N.C. Central is turning into the team that no other MEAC squads want to see in March, especially at the Norfolk Scope.
For the second year in a row, the Eagles knocked off the No. 1 seed, this time defeating Norfolk State, 50-47, for the MEAC championship.
Raasean Davis, voted the tournament’s most outstanding player, scored eight points and pulled down 14 rebounds. Zacarry Douglas recorded a double-double with 10 points and 12 rebounds.
It was the third straight title for NCCU, securing its third consecutive and fourth overall trip to the Big Dance. It was the second championship win over the Spartans in the last three seasons. NCCU defeated NSU in the 2017 title game. NCCU is the first MEAC team to win three straight tournament titles since North Carolina A&T won seven in a row from 1982-1988.
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This time around the Eagles (18-15) used a strong second half to shutdown the Spartans, outscoring NSU 28-15.
Norfolk State (21-13) only hit four field goals in the second half. The 15 points by the Spartans were a season-low for an NCCU opponent. The Eagles’ defense was clutch, considering NCCU went the final four minutes without scoring a basket. Norfolk State guard Mastadi Pitt missed a three-point shot at the buzzer that would have tied the game. The shot wasn’t even close and for the third straight season confetti rained down on the Eagles on the floor at the Norfolk Scope.
“Typical championship game,” NCCU head coach LeVelle Moton said. “We knew we were going to be in for a dog fight. We knew there were going to be some high highs and low lows.”
The Eagles started the game by missing two layups on their first possession and didn’t score until Larry McKnight Jr. scored a layup at the 17:53 mark.
“I was extremely disappointed in our execution in the first half,” Moton said. “I can’t say publicly what I said to them in the locker room, but we just had to do a better job of executing. That’s what we do, we execute.”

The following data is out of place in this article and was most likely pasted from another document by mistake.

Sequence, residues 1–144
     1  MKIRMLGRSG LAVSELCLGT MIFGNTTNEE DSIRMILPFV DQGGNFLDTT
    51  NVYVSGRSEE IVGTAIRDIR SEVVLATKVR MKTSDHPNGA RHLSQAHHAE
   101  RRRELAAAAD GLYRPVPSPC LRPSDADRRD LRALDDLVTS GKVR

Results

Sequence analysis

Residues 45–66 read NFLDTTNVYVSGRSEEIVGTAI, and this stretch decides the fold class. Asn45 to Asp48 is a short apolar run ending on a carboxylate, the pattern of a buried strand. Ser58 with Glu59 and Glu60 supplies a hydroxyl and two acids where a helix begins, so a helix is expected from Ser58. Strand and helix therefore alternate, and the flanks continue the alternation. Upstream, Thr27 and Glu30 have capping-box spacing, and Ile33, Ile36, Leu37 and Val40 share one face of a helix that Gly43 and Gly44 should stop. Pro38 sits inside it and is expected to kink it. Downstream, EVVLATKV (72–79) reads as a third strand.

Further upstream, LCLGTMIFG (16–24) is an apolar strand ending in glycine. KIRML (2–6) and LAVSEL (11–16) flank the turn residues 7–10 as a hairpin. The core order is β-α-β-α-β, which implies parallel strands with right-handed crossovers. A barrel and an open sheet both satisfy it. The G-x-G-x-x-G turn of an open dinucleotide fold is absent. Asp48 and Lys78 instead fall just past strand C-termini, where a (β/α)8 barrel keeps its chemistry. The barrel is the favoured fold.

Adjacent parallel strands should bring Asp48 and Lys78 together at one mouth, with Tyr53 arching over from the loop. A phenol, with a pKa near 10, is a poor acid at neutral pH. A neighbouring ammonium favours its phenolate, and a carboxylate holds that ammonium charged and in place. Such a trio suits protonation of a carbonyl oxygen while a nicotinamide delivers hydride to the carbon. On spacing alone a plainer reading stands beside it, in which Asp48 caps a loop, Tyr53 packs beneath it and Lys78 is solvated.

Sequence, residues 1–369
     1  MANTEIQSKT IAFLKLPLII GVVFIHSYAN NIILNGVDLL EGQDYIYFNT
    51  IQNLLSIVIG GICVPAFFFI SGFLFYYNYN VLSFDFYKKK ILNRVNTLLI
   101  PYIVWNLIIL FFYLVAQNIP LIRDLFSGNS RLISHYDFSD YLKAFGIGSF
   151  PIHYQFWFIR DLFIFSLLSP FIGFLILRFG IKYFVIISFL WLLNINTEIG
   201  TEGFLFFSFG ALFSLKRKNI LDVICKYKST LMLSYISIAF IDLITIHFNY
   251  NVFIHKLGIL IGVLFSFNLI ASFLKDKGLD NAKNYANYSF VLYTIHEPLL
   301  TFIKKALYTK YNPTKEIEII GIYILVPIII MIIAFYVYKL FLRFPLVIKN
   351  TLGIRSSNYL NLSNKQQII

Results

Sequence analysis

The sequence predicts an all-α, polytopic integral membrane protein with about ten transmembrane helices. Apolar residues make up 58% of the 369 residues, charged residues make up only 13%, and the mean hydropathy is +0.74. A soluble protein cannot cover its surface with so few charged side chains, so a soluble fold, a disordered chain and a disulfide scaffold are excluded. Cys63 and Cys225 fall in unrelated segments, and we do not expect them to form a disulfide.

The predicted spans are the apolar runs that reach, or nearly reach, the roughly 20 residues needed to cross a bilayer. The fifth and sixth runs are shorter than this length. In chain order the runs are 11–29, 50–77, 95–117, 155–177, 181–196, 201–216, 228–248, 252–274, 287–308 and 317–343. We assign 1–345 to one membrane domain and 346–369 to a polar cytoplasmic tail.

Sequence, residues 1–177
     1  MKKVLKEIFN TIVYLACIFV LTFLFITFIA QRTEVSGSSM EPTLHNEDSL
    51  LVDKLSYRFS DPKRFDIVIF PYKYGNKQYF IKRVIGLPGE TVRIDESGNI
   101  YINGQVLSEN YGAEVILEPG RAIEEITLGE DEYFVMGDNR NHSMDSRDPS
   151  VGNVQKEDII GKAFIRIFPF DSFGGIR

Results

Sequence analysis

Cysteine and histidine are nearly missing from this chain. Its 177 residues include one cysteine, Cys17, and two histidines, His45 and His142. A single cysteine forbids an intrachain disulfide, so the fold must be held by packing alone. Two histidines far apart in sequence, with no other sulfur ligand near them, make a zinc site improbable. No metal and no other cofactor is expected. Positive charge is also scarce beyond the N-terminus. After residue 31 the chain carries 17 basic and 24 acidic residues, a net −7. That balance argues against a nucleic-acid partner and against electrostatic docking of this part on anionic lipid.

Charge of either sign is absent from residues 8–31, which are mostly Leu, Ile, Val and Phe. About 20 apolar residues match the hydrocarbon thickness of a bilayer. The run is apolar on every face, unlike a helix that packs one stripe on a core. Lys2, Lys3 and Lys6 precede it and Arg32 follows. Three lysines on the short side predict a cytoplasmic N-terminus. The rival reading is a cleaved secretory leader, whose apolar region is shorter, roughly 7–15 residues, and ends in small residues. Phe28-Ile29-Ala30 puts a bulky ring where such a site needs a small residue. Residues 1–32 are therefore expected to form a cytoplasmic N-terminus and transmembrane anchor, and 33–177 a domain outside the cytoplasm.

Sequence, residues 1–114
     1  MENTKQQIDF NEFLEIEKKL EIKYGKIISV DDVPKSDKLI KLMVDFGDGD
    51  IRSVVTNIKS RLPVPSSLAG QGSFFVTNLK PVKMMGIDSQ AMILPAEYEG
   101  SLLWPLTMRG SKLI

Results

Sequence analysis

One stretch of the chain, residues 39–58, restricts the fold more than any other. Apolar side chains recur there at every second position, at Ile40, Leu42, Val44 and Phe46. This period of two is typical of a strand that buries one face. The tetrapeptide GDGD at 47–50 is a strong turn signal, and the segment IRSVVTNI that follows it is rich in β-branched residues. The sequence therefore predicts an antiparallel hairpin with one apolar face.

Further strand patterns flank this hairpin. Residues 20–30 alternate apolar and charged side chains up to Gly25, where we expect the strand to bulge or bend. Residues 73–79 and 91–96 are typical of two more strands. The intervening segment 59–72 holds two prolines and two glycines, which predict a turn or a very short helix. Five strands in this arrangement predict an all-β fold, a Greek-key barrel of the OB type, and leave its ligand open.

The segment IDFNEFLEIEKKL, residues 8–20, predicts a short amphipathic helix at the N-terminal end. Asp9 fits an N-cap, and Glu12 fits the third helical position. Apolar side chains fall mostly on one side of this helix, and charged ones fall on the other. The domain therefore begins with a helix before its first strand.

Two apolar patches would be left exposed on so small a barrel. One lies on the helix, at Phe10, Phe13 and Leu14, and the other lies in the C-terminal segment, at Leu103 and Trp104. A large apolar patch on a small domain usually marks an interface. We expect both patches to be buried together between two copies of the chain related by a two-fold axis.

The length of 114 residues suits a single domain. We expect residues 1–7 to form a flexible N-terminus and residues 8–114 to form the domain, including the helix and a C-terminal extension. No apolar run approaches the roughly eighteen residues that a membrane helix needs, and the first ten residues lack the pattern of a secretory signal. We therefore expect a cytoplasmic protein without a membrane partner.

NCCU started the second half on an 12-0 run to tie the game at 34 after a three from Douglas. It was just the second three of the game for NCCU. The first came moments earlier when Jordan Perkins, who had just two points at halftime, knocked down the first three of the night for the Eagles, cutting the lead to nine.
Moton credited Perkins with getting things started for NCCU after the break. The sophomore guard scored five quick points in the first few minutes of the second half, and finished with nine for the game.
“They were doubling Raasean and we just needed to make some shots,” Moton said. “I thought once we got in the open floor and got some points in transition the game changed a little bit.”
The game still went down to the wire, mainly because NCCU went cold from the floor. The Eagles, who shot 36 percent from the field for the game, hit their final field goal, a layup from Blount, with 4:04 remaining on the clock. NCCU ended the game by missing six straight shots and the Spartans, who trailed by eight after Blount’s layup, went 3-for-4 from the line to make it a three-point game with 2:23 remaining. Norfolk State, like NCCU, couldn’t buy a bucket the final 2:23, missing four shots from the field.
Even without scoring a bucket, the Eagles’ defense did its job, shutting down NSU.
“Defense wins games anyway,” Davis said. “As long as we were locked in on the defensive end and limited them to one shot, that was our key thing, making sure they didn’t get multiple chances at the rim. I feel like we did a pretty good job.”
Davis now has two MEAC rings, having won it all with the Eagles last season.
“I’m just thankful that we all came and went to war together,” Davis said. “Most of all I’m just thankful for another opportunity to do this at a Division I level. I’m thankful we were able to get it done for a third year in a row.”
Respect is something the rest of the conference has to have for the Eagles, who have now won four MEAC tournament titles in eight years of being a full MEAC member.
It never gets old to the 44 year-old coach.
“This is what we do it for,” Moton said. “You try to push and squeeze all the juice out of the orange and get them to believe in themselves. I’m thankful that they believed in themselves this week.”